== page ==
Tax agents and practitioners affected by last year’s prolonged ATO online outages could take further action to possibly obtain compensation for the adverse impacts on business productivity and damage to client relationships.
During a session at the Institute of Public Accountants (IPA) Victoria Congress in Creswick last week, a number of delegates asked about any recourse for compensation for the time, work and effort practitioners had lost as a result of the outages, in addition to loss of trust and integrity with clients.
Inspector-General of Taxation (IGT) Ali Noroozi said compensation was certainly a route practitioners could take whereby the independent statutory agency, which reviews systemic issues at the ATO, could produce a report with recommendations to reimburse those affected.
However, Noroozi stressed the office of the IGT required a critical mass before investigating the matter.
“To date, the level of complaints to my office about the outages does not warrant that kind of action, but if it does get really bad, yes, it’s possible,” he said.
“I’m not shy to look at issues such as this – in 2010, we completed a review into the ATO’s Change Program and the repercussions of that.
“Because you’re saying, for example, that the ATO did not make enough effort, what I can do is find out whether the commissioner has taken into account all the relevant facts, so we’ll go through all their records to see how they arrived at that decision.
“But I cannot tell the commissioner how to exercise discretion. It’s the commissioner’s discretion.”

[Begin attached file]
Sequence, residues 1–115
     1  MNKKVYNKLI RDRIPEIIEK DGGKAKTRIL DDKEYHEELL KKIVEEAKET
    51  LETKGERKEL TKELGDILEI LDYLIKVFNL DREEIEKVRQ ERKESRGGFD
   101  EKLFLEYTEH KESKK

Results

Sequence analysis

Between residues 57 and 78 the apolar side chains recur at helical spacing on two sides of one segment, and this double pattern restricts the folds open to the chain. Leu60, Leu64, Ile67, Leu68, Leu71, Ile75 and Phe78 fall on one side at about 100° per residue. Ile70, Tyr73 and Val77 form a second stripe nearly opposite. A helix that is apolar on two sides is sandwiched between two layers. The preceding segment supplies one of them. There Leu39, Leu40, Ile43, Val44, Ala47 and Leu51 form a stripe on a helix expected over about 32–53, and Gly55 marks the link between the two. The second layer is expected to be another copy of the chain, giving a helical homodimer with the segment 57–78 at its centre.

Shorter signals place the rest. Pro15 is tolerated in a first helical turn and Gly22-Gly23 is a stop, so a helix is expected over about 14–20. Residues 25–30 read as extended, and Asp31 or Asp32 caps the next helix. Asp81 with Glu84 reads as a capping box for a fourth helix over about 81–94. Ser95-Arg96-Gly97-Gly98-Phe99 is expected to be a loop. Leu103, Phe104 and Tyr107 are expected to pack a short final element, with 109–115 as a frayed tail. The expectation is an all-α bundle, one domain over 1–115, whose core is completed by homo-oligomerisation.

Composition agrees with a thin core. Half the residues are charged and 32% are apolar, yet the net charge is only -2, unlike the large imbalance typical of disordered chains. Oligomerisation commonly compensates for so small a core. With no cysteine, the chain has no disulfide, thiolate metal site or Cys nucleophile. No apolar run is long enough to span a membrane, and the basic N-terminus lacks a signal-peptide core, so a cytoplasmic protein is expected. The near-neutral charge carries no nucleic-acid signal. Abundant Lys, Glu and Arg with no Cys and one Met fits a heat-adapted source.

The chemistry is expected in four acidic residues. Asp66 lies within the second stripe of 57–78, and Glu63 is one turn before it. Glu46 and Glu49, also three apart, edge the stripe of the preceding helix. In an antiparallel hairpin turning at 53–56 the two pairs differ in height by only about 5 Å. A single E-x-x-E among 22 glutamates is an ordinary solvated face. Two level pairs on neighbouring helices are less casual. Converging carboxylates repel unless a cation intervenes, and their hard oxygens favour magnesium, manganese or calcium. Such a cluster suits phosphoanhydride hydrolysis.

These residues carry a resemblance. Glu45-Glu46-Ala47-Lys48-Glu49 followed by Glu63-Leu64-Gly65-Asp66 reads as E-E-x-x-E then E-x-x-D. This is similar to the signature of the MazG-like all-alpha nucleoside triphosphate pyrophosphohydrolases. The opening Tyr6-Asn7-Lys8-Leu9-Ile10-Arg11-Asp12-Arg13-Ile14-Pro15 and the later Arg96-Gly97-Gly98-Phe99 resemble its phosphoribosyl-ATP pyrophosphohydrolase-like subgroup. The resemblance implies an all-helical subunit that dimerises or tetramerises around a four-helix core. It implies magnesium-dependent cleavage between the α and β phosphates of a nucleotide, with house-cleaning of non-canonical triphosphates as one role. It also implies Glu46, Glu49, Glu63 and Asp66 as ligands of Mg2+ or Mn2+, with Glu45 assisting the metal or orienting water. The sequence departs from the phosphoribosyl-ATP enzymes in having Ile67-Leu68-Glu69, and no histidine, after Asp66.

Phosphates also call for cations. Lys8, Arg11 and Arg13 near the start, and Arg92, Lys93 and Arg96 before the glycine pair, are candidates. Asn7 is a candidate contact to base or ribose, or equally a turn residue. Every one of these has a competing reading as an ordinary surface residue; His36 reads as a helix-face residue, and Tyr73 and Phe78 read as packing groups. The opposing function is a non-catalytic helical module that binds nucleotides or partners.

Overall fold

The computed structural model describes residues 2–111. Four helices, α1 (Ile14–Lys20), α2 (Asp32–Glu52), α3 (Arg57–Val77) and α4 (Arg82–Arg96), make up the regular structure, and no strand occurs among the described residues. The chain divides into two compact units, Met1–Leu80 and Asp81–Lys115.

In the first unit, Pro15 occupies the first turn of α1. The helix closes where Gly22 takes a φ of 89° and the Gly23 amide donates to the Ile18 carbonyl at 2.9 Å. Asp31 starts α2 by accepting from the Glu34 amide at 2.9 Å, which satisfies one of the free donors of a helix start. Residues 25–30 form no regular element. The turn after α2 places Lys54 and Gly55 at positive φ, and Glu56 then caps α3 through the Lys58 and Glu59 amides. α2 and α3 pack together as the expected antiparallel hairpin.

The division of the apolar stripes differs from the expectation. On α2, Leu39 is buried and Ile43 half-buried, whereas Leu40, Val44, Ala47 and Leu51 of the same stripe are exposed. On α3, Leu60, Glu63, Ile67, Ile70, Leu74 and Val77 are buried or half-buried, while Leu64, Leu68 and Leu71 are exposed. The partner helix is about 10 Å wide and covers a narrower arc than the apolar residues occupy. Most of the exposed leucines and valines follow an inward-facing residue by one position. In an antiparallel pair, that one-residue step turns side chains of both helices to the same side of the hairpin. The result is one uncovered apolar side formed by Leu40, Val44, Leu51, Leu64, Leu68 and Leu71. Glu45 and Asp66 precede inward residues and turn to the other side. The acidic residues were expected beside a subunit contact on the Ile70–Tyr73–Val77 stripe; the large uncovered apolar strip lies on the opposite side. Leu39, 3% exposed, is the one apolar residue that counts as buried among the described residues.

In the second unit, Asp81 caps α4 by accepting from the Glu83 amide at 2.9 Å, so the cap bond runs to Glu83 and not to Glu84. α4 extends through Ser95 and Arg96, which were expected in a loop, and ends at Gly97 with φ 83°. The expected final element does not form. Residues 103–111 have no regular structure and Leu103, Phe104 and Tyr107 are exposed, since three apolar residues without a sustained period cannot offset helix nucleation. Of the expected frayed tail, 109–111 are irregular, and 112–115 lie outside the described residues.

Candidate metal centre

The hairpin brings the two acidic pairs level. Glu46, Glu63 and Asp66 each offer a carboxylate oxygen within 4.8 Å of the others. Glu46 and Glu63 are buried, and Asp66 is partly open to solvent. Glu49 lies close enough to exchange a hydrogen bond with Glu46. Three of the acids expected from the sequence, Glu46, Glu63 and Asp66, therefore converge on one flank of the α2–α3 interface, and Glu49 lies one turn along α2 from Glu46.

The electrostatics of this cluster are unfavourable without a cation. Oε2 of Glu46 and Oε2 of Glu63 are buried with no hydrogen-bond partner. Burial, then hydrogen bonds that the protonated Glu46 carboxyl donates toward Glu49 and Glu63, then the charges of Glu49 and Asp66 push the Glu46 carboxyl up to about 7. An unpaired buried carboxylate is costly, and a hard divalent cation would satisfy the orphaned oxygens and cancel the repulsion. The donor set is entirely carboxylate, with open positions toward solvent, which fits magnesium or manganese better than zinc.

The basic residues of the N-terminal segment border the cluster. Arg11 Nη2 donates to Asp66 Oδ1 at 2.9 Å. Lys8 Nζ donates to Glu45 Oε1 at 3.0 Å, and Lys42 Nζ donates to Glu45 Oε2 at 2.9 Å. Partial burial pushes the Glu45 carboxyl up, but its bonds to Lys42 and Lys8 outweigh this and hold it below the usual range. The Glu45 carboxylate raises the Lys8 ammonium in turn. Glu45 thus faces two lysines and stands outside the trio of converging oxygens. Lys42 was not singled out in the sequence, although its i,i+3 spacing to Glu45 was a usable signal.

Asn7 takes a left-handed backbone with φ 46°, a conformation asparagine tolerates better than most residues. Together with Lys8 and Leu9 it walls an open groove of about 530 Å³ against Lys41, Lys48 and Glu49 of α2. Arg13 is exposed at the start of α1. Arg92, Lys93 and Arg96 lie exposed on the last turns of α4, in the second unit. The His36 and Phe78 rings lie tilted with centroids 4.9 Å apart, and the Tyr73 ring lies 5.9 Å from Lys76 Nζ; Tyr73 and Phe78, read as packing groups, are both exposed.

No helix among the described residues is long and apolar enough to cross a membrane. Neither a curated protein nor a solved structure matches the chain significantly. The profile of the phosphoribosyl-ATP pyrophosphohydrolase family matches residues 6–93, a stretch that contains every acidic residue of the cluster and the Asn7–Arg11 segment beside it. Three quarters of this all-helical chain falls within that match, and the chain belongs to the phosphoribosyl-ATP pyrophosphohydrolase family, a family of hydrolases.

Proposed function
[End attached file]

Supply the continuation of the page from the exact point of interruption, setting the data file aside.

IPA technical policy general manager Tony Greco said the organisation was aware of its members’ concerns.
“It created a lot of heartache, it created a lot of reputational damage and loss of productivity. It basically stopped activity,” Greco said.
“Some of you had clients that wanted an ABN (Australian business number) and you couldn’t provide it for two weeks and it was a start-up, so a simple thing like not being able to get an ABN was significant.
“The ATO has driven us to go down this digital platform, so they’re compelled to give us functionality.
“That’s their job, so if we don’t get it [functionality], we’re within our rights to say it’s not good enough.”
He revealed the IPA surveyed its members outlining the “impacts of the outage in the real world” and provided it to the ATO, resulting in a report being prepared by pwc, which will explain the nature of the hardware malfunction.
“The ATO reserves its right to sue Hewlett Packard and as to what they do with that compensation, there are some suffering agents who were adversely impacted and we’ve made it very clear who we’d like that compensation directed toward,” he said.
During the following plenary session, ATO assistant commissioner Jennifer Moltisanti said in response: “I will reiterate the commissioner’s sentiments said at the recent Senate Estimates [Committee] – we are confident that we’ve got a sustainable system leading up to tax time.
“The system’s outages were very unfortunate. We do have a contract with Hewlett Packard and the hardware went down. It was an unprecedented event.
“I would like to correct on the record that we did not send staff home and we did not know how long the systems were going to be down for.”
Moltisanti added the ATO had indicated where there were grievances, it should be informed.
“But to date, I’m not sure if any grievances have come forward,” she noted.
“I can’t speak on compensation, but if there are some serious grievances, which are supported by evidence and quantified, we are more than happy to look at that.”